Errant auditors would need to pay investors

Written by Ronojoy Banerjee | Ronojoy Banerjee | Anandita Singh Mankotia | New Delhi | Updated: Jun 18 2010, 15:12pm hrs
Audit firms may be asked to financially compensate investors for losses resulting from their lapses, with the government planning to strengthen the mechanism for fixing responsibility for corporate frauds and protecting investors from their ill-effects. To make this feasible, an audit firm would be held accountable for its actions regardless of whether the firm itself or its affiliate was the official auditor, corporate affairs minister Salman Khurshid told FE in an exclusive interview.

The government is yet to work out the proportion of investors' losses the auditor will have to compensate. The options include capping the quantum of compensation and evolving a criterion for fixing amounts on a case-by-case basis.

The minister said the government is keen on a legal framework so that victims of accounting malpractices could be duly compensated in the event of a scam. We are looking at how a person/investor who suffers due to audit firms going wrong can be compensated. We need to find a solution to fix the problem for the future. We may not have had a solution in the past, but we need one for the future, he said.

Khurshid said that in order to achieve the same, the practice of certain audit firms setting up affiliates across the country needs to be fixed first. He said that firms with different offices function under one brand name but opt to skirt responsibility for the actions of one another. Currently, one audit firm in Hyderabad is not liable for anything that its Bangalore affiliate does. This needs to change, he said.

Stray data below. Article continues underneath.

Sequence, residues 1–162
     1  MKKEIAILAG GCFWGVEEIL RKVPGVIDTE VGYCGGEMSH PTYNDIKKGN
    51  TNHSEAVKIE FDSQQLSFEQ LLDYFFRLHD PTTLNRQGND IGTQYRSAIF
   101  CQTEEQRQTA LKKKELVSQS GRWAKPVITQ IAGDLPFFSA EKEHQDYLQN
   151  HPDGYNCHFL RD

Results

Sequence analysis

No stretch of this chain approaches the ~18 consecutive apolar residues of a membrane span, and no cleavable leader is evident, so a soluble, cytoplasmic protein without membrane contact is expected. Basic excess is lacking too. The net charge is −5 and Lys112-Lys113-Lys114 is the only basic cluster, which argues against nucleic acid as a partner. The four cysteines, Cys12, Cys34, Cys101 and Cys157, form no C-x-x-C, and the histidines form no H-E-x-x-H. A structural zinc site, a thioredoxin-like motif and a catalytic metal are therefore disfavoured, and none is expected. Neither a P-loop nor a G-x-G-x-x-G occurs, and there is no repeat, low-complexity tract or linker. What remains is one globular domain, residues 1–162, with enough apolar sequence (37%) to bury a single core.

Khurshid said the government was meeting audit firms to work out how a system of greater transparency and accountability could be evolved. In fact, senior officials of PicewaterhouseCoopers met Khurshid earlier this week to explain the nature of their network in the country. Corporate affairs secretary R Bandyopadhyay also attended the meeting.

Amarjit Chopra, president of the Institute of Chartered Accountants of India (ICAI) observed that though the idea to have such a mechanism is good, there was a serious question mark over its feasibility. In case a big accounting scandal like Satyam breaks out, it would be literally impossible for the accounting firm to compensate, he said. Chopra suggested that either the government cap a certain percentage of the money that the audit firm should pay or disqualify audit firms who have been involved in recurring defaults. He agreed that bringing all affiliates under one umbrella would create accountability.

Following the Rs 8,000-crore Satyam scam which also involved two leading auditors of PwC Hyderabad, S Gopalakrishnan and Srinivas Talluri ICAI had appointed a high-powered committee to look into the accounting aspects of the scandal. In its report, the committee had outlined grave accounting errors committed by PwC and questioned the nature of foreign audit firms' work in India.